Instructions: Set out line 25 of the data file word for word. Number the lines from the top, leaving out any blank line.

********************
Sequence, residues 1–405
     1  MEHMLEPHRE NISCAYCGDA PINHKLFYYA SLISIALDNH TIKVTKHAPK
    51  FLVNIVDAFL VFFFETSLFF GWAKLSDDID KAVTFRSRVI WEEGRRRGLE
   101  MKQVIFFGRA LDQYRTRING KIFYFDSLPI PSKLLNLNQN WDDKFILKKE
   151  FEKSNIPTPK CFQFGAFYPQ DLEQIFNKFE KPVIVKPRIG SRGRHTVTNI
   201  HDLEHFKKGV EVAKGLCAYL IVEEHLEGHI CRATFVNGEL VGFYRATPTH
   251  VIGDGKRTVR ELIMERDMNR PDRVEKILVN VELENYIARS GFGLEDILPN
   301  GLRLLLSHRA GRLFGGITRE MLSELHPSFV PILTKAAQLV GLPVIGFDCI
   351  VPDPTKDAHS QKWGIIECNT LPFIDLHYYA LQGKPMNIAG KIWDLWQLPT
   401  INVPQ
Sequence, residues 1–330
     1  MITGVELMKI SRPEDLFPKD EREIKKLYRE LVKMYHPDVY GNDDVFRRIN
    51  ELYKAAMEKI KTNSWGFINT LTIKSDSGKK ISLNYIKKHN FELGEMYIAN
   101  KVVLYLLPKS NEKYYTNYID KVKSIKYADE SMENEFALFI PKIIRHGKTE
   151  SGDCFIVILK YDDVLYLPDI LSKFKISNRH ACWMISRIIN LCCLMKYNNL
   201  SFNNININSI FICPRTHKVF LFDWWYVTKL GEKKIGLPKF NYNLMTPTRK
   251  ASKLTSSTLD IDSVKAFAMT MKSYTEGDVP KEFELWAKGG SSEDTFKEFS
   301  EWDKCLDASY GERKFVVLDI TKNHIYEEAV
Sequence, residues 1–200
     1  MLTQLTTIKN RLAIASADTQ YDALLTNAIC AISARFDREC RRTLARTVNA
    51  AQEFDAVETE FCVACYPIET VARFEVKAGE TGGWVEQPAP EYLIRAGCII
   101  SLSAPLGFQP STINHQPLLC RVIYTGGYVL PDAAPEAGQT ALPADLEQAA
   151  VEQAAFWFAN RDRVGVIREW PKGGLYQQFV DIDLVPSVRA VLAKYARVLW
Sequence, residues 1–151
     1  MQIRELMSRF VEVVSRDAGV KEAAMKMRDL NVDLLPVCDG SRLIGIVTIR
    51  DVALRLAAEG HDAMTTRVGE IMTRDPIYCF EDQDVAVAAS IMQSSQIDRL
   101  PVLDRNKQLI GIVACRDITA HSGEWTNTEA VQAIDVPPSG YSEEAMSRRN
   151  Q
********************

     1  MQIRELMSRF VEVVSRDAGV KEAAMKMRDL NVDLLPVCDG SRLIGIVTIR